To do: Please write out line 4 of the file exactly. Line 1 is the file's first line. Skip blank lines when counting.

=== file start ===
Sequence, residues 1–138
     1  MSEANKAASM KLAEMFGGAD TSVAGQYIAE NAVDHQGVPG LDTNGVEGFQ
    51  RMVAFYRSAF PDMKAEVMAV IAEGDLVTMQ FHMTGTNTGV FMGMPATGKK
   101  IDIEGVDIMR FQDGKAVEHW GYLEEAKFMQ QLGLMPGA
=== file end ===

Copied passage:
   101  IDIEGVDIMR FQDGKAVEHW GYLEEAKFMQ QLGLMPGA